16 DECEMBER 2015
CLINICAL DECISION RULES TO DECREASE UNNECESSARY USE OF MEDICAL IMAGING
The Royal Australian and New Zealand College of Radiologists (RANZCR) have taken the next step in support of their Choosing Wisely Australia® recommendations.
RANZCR Dean, Faculty of Clinical Radiology, Dr Greg Slater says the RANZCR clinical decision rules (CDRs) for the Choosing Wisely initiative will help clinicians with their decision making when they are considering a referral for imaging.
“The RANZCR Choosing Wisely Australia Recommendations and Clinical Decision Rules booklet and app for iOS supplement our six Choosing Wisely recommendations and support their implementation at the point of care. They contain the additional information required to inform dialogue between clinical radiologists and referring practitioners and their patients.
“The detailed, evidence-based guidance further progresses our strong commitment to the Choosing Wisely Australia initiative.The app is an innovative tool, providing easy access to the CDRs for clinicians via their smart phones.
“RANZCR is proud to have been one of the inaugural medical colleges to release recommendations through the Choosing Wisely Australia campaign. We encourage other colleges, societies and associations to get involved and take a lead on identifying tests, treatments and procedures that confer little or no health benefit to patients.”
CDRs help clinicians use evidence-based strategies to stratify patients into higher and lower risk for a given clinical condition, and this stratification helps to determine whether or not they would benefit from medical imaging.
The RANZCR Choosing Wisely CDRs focus on imaging for the following conditions:
- suspected lower limb deep vein thrombosis (DVT)
- suspected pulmonary embolism in pregnant and non-pregnant patients
- acute low back pain
- adult and paediatric ankle, cervical spine and head trauma.
Point of care decision aids are included in the booklet that will assist the clinician in quickly and efficiently applying the rules for the particular condition.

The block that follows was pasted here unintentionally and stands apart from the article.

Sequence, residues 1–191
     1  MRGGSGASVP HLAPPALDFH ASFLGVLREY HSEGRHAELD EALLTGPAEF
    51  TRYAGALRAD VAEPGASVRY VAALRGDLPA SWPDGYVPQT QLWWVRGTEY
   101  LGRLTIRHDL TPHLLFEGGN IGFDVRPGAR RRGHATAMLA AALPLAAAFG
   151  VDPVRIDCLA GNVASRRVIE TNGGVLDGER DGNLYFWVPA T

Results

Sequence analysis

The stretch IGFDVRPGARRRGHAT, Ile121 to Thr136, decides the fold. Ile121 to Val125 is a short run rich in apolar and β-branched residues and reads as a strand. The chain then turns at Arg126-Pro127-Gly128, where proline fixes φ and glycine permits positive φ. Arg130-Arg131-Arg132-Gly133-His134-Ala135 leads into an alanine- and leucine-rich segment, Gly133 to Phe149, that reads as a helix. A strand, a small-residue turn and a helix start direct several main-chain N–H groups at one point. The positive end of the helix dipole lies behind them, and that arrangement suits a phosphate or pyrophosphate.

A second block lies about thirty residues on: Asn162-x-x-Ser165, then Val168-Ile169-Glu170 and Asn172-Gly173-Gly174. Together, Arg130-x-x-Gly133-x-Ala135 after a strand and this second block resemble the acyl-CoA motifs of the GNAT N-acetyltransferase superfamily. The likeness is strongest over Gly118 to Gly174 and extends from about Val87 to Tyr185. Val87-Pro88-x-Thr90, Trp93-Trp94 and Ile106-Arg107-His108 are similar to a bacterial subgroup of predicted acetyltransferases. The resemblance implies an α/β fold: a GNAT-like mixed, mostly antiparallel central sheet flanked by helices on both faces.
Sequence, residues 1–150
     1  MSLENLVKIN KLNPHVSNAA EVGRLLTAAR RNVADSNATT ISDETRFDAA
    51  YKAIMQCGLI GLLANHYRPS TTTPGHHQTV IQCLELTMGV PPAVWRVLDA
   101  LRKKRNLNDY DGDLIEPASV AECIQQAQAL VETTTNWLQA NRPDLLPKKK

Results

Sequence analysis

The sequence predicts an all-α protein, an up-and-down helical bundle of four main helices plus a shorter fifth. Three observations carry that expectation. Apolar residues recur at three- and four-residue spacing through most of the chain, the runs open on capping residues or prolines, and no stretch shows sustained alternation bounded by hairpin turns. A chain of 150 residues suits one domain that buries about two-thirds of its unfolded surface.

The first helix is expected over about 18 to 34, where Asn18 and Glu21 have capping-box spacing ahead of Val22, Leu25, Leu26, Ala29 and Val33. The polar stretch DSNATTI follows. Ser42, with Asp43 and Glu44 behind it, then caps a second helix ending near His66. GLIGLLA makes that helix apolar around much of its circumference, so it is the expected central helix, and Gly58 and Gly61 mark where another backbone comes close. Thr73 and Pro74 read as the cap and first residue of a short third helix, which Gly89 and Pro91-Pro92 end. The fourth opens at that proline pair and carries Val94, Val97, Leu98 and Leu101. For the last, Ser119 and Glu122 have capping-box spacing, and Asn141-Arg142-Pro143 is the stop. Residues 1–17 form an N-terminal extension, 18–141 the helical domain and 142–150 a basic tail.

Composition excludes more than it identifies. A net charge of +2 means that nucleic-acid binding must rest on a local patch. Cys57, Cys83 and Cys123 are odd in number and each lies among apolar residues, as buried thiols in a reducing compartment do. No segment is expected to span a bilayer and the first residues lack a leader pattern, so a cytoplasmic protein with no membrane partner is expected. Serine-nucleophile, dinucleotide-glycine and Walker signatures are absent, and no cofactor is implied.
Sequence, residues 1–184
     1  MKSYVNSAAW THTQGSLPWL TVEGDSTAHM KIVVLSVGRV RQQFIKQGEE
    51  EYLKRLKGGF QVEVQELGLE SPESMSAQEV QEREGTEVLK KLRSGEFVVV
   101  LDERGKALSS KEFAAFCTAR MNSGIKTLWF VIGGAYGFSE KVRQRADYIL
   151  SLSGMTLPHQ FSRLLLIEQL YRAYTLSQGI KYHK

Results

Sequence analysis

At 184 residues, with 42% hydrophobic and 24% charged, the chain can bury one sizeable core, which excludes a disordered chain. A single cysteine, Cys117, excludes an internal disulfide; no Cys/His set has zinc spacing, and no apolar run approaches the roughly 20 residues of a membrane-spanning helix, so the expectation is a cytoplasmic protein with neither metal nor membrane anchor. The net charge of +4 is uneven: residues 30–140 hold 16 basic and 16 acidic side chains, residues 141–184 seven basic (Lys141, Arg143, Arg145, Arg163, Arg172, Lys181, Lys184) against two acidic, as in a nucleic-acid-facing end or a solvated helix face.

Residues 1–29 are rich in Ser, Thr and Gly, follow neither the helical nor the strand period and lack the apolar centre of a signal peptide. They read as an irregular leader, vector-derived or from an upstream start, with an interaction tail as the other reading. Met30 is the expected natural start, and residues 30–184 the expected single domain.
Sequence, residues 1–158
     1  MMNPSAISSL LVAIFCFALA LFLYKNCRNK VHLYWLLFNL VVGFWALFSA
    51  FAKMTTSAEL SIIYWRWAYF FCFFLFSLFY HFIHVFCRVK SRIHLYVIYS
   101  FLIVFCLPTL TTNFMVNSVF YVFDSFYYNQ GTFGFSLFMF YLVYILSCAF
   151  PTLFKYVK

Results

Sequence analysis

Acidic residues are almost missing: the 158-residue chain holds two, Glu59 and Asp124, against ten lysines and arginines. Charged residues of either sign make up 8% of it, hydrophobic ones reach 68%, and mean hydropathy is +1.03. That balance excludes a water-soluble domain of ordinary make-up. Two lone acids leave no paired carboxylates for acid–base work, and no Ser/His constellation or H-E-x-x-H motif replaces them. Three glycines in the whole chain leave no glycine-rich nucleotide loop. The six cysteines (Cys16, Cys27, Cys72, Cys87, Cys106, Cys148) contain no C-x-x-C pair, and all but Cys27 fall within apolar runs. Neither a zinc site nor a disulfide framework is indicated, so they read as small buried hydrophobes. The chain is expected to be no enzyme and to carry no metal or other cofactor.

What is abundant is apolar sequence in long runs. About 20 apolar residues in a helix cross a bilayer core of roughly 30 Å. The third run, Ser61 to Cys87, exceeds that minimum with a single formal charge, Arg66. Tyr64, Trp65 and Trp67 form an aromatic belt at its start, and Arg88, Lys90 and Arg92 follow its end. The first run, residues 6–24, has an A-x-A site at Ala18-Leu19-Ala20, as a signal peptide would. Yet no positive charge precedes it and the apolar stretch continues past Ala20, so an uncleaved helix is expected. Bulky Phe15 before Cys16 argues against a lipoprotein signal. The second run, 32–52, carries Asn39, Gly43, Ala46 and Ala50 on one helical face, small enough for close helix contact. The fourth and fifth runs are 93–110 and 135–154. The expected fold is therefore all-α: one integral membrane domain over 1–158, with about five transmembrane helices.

RANZCR’s Choosing Wisely Australia recommendations on imaging aim to achieve more appropriate health care, with less waste of healthcare resources on unnecessary diagnostic testing.
The RANZCR Choosing Wisely Australia Recommendations and Clinical Decision Rules booklet and app are available on the Choosing Wisely Australia website.
15 DECEMBER 2015
SEEK ADVICE ABOUT CHANGES TO COMMON OVER-THE-COUNTER MEDICINES AHEAD OF THE HOLIDAYS
NPS MedicineWise is encouraging people who are prescribed over-the-counter medicines to talk to their pharmacists and doctors about how the removal of some over-the-counter medicines from the Pharmaceutical Benefits Scheme (PBS) could affect them.
From 1 January 2016, 17 common medicines that are readily available over-the-counter and also through prescription will have their PBS listing altered or removed.
The listing changes will affect medicines used to treat a range of conditions, such as blood clot prevention, osteoarthritis-related pain, heartburn and reflux, eye infection, itchy skin and iron deficiency anaemia.
Some of the common over-the-counter medicines affected by the changes are:
* Astrix (aspirin)
* Spren 100 (aspirin)
* Panamax (paracetamol in 500mg tablet, 100ml liquid and 200 ml liquid)
* Panadol Osteo (paracetamol; 665g modified release tablets)
* Chlorsig eye drops (0.5%) and ointment (1%)
* Dulcolax suppositories (10 mg)
* Gaviscon P and Mylanta P.
The changes mean anyone currently prescribed any of these medicines by a doctor can no longer have a PBS script written for them and they cannot be purchased at a PBS-subsided price—the changes may also affect a patient’s PBS safety net threshold.
Dr Lynn Weekes, CEO of NPS MedicineWise says, “If you or someone you care about takes one of these over-the-counter medicines on medical advice, it is best to speak with your pharmacist or your prescribers as soon as possible so you know how the changes will affect you.
“These medicines are already available over-the-counter from pharmacies. As you move to purchasing these medicines ‘over-the-counter’ rather than relying on a prescription with labelled instructions, remember to ask questions about dosage and anything else you are confused about.”
Your doctor can write a private prescription for the medicine although this may be more expensive than an over-the-counter purchase. Some of the medicines will continue on the PBS for specific groups, such as people identifying as an Aboriginal or Torres Strait Islander person, paraplegic or quadriplegic individuals, or those receiving palliative care.
It is always a good idea to keep a complete list of your medicines both prescribed and over-the-counter and to share this with your doctor or pharmacist. The free MedicineList+ smartphone app is one tool that can help, for example by setting reminders and keeping track of medications for yourself or someone you care for.
Further information is available on the NPS MedicineWise website here.
For more information on prescription, over-the-counter and complementary medicines (herbal, ‘natural’, vitamins and minerals) from a health professional, call NPS Medicines Line on 1300 MEDICINE (1300 633 424). Calls from mobiles may cost more. Hours of operation are Monday–Friday 9am–5pm AEDT (excluding public holidays).